You Can [Help] Prevent Childhood Cavities!
By contactus@drjrobb.com
December 11, 2021
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You and your dentist need to be partners in the fight against early childhood cavities. No one wants their child to have a cavity, but there’s no denying that the number of cavities in preschool aged children is on the rise. 

 

Did you know that cavities are considered a transmittable disease? The bacteria that cause cavities is in our saliva (spit). It is possible for these bacteria to be transferred from one person to another. So if you test your child’s food, then feed him or her with the same utensil, you’ve transferred some of your oral bacteria to your child. Another opportunity for bacteria transfer is if your child sucks on a pacifier or toy that’s been in another child’s mouth

 

What’s worse, your child’s newly erupted teeth have immature enamel that is more likely to develop a cavity. It takes up to seven years for tooth enamel to mature.

 

So what can you do?

 

   Start young--even when your child has no teeth, get him or her used to cleaning the mouth after eating. After a feeding, wipe his or her gums with a soft cloth. Once teeth come in, use an age appropriate toothbrush. Parents should put the toothpaste on the toothbrush--use a smear up to age 2 and a pea size dab for ages 2 and up. Children who have a high risk of cavities might need to use fluoride toothpaste even at a young age. Children don’t have the fine motor skills needed to brush correctly until age 8 or 9, so you should brush their teeth for them, even though they brush their teeth also.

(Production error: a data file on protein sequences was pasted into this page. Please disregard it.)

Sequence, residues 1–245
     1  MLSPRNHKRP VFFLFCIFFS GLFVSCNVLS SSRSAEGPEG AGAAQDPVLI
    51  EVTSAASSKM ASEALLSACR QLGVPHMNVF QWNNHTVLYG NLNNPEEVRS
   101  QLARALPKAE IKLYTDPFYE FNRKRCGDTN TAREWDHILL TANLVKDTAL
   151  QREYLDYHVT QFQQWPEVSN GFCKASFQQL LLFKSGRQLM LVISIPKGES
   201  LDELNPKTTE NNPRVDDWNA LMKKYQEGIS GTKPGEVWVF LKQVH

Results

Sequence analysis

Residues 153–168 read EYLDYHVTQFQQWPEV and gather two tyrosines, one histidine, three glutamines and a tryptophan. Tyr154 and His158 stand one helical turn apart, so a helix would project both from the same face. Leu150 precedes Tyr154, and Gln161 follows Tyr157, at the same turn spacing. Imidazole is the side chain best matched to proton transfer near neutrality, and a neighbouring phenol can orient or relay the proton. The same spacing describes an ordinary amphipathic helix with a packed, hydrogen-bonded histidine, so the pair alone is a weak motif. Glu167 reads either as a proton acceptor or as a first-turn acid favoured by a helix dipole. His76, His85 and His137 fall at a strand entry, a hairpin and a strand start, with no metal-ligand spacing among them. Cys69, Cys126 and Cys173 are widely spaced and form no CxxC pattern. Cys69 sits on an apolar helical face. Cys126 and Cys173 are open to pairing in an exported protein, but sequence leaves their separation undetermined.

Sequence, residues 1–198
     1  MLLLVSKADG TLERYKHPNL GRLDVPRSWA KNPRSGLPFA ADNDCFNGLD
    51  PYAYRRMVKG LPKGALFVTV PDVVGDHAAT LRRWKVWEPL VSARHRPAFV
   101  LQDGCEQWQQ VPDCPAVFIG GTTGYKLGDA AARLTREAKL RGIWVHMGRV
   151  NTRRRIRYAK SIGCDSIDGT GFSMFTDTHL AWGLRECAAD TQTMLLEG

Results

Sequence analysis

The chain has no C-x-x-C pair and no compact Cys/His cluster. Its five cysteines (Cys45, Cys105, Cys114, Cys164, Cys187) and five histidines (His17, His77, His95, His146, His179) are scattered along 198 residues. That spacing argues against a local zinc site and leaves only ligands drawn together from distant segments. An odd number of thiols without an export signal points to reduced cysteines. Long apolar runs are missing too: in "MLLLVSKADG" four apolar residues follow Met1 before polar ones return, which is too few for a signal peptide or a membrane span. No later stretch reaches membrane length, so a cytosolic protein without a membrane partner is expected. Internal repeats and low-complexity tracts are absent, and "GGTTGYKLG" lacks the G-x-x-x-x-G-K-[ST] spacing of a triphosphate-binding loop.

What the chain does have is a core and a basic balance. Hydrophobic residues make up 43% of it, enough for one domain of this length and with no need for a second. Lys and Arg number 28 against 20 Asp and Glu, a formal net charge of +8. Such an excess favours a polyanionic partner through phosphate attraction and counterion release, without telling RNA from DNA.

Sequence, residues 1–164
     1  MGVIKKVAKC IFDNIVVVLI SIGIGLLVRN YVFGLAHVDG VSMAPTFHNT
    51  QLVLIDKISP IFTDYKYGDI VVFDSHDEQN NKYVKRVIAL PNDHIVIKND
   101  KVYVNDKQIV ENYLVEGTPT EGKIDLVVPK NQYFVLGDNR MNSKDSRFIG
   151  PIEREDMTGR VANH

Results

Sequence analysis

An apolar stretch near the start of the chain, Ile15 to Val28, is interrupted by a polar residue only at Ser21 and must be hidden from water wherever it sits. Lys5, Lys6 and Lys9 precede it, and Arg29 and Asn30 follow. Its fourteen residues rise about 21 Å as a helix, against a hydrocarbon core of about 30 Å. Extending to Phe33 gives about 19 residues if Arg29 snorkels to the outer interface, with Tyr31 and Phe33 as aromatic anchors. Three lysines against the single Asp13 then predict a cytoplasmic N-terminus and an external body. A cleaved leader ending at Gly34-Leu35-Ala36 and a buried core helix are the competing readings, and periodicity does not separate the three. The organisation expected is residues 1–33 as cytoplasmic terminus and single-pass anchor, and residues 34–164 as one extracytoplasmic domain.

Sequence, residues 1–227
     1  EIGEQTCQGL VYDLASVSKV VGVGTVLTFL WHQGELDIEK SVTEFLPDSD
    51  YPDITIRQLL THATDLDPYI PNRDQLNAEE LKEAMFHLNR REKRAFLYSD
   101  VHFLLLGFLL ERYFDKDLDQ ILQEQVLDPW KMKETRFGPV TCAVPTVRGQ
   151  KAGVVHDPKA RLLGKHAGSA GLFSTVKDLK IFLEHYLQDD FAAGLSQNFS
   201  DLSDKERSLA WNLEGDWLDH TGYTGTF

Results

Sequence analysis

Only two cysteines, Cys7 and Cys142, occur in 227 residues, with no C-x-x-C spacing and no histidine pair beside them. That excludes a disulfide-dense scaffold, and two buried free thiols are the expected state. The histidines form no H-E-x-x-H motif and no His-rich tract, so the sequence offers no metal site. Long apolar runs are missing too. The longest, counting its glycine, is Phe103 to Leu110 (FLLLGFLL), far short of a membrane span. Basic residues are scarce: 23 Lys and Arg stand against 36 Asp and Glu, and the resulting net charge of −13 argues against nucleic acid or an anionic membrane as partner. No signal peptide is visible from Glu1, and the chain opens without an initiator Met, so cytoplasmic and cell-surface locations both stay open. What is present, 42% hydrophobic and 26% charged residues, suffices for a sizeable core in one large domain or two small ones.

Reduce saliva transmission between family members--don’t share eating utensils or allow your children to share pacifiers.

 

   Reduce frequency of or avoid drinks and foods that contain sugar. This includes juices, soft drinks, sweetened teas, and milk sweetened with sugar. Don’t put your infant to bed with a bottle that contains milk or sugared liquids. Don’t let your child drink sugary drinks from a sippy cup at will throughout the day (try to limit the amount of time the sippy cup is carried around.) A surprising fact: recent study revealed that 41% of the average child’s daily calories come from soft drinks.

 

   Ask your dentist for a cavity risk assessment when your child is age one. His or her first tooth comes in at approximately six months of age, but many parents don’t take their child to the dentist until after age three. It’s beneficial if you can find a dentist who will be able to see your child as he or she grows. The more familiar with your child’s mouth a dentist is, the better she or he will be able to help you.

 

If you have questions about your child’s teeth, let Dr. Jennifer Robb help answer them. Give us a call at 440-960-1940 to schedule an appointment.

 

*Note: The Information in this article is not meant to replace the judgement of your healthcare professionals.

 

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